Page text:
Date of Award

Fall 12-1-2017

Document Type


Degree Name

Doctor of Education in School Leadership


Center for Leadership & Learning


College of Education

Committee Chair

Dr. John Freeman

Second Committee Member

Dr. Ellen Treadway

Third Committee Member

Dr. Tony Prothro

Dean of Graduate College

Dr. Mary B. Gunter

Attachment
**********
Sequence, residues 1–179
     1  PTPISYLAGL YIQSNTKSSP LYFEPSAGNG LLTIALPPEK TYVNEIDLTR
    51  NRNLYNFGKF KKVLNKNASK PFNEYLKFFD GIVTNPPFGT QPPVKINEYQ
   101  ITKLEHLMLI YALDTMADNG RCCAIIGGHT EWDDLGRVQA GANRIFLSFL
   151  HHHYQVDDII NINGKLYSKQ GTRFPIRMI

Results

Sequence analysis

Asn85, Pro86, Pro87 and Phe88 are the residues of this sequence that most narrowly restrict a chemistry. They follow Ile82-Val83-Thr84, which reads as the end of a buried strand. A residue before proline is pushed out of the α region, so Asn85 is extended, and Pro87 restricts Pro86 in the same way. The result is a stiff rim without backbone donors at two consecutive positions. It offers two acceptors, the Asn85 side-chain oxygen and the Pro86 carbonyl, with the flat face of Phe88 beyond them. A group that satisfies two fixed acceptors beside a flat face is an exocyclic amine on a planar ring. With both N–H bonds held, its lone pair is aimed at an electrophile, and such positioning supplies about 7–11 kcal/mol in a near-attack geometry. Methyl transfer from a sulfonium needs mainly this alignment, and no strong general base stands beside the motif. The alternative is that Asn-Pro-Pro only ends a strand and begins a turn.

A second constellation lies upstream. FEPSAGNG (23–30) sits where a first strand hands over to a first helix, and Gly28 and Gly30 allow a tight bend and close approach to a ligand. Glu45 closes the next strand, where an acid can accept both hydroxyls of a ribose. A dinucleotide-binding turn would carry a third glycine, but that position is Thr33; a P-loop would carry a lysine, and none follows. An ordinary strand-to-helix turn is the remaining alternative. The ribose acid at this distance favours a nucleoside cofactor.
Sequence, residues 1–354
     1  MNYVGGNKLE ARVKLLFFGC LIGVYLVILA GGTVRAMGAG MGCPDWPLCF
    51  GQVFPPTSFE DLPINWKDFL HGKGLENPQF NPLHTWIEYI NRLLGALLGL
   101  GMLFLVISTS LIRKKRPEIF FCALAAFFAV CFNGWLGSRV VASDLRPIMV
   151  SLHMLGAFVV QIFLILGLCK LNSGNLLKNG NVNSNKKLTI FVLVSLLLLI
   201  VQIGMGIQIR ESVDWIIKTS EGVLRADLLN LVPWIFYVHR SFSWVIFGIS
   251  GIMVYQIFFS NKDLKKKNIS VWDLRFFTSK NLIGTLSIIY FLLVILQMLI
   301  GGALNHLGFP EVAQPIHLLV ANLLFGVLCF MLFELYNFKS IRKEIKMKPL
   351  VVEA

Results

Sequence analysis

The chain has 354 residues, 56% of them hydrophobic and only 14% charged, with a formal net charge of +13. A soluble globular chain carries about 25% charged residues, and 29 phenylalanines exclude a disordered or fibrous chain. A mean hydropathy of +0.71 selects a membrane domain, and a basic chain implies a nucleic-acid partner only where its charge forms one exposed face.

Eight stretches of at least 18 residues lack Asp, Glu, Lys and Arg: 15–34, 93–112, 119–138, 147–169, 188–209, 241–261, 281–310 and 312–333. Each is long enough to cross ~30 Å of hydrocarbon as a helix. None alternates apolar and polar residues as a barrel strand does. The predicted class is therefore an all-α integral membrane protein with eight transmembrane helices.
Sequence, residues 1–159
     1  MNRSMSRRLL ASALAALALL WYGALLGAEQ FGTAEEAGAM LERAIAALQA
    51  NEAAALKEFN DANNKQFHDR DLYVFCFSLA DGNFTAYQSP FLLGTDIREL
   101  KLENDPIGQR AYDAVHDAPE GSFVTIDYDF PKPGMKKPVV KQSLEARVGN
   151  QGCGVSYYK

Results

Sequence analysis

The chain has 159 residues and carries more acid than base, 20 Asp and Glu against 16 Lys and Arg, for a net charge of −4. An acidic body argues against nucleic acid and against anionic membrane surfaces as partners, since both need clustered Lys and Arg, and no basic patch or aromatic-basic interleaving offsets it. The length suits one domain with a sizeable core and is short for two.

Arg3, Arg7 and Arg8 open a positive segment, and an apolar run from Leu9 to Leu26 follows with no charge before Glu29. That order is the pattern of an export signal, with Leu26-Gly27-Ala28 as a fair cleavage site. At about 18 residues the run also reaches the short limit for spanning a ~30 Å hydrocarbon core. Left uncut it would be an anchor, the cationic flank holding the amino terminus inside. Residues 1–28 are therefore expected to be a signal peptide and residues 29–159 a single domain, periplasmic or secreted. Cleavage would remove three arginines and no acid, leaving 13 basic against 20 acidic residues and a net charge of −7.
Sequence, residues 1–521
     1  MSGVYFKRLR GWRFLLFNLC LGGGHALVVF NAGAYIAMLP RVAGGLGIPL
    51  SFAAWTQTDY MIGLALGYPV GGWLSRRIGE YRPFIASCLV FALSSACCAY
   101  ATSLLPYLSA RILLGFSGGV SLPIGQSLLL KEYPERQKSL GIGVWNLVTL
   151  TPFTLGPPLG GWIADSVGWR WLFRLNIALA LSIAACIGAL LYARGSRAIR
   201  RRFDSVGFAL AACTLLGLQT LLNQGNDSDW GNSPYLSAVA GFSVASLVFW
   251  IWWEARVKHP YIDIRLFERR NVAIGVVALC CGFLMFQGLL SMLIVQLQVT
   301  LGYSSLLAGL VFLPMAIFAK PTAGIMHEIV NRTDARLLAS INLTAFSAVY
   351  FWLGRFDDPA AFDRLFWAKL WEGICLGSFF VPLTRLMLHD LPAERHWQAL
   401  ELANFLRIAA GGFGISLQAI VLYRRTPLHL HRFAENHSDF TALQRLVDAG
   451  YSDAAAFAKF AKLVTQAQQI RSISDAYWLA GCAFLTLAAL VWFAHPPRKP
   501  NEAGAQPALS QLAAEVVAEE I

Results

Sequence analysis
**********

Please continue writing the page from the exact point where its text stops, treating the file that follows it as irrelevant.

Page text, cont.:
The purpose of this study was to investigate the differences in teachers’ level of self-efficacy based on the state takeover status of a school district. The design of this study was “group comparison research” (Gall, Gall, & Borg, 2015). The dependent variable was teachers’ level of self-efficacy and the independent variable was state takeover status. Data gathered for this study were teacher demographics and the level of teacher self-efficacy measured by the TSES instrument (Tschannen-Moran & Woolfolk Hoy, 2001). Three school districts in Arkansas were selected and matched on demographic variables and school academic measures. One district had recently been released from state takeover, one district was under the threat of state takeover and another district was performing at a slightly higher level but was not under the threat of state takeover. A total of 146 teachers across the three districts completed the survey. Descriptive and inferential statistics were used to analyze the data and to answer the research questions. Analysis of variance (ANOVA) was used to analyze the differences in the teacher’s sense of self-efficacy among the three school districts in three efficacy domains; student engagement, instructional strategies, and classroom management. Results indicated that there were differences in the level of teacher self-efficacy among the three districts, but only in the domains of instructional strategies and classroom management. A Tukey HSD post hoc test was used to determine where the differences existed in the districts. In both domains, the differences were found to be between the district under threat of state takeover and the district that was not under threat of state takeover. The teachers in the district under threat of state takeover had a higher mean level of self-efficacy. The district that had actually undergone state takeover did not indicate a difference in self-efficacy with the other two districts. The implications from this particular study were that state takeover status in a district does not have a deleterious effect on the level of teacher self-efficacy. For one district it appears that the threat of state takeover may have actually had a positive effect on the level of teacher self-efficacy.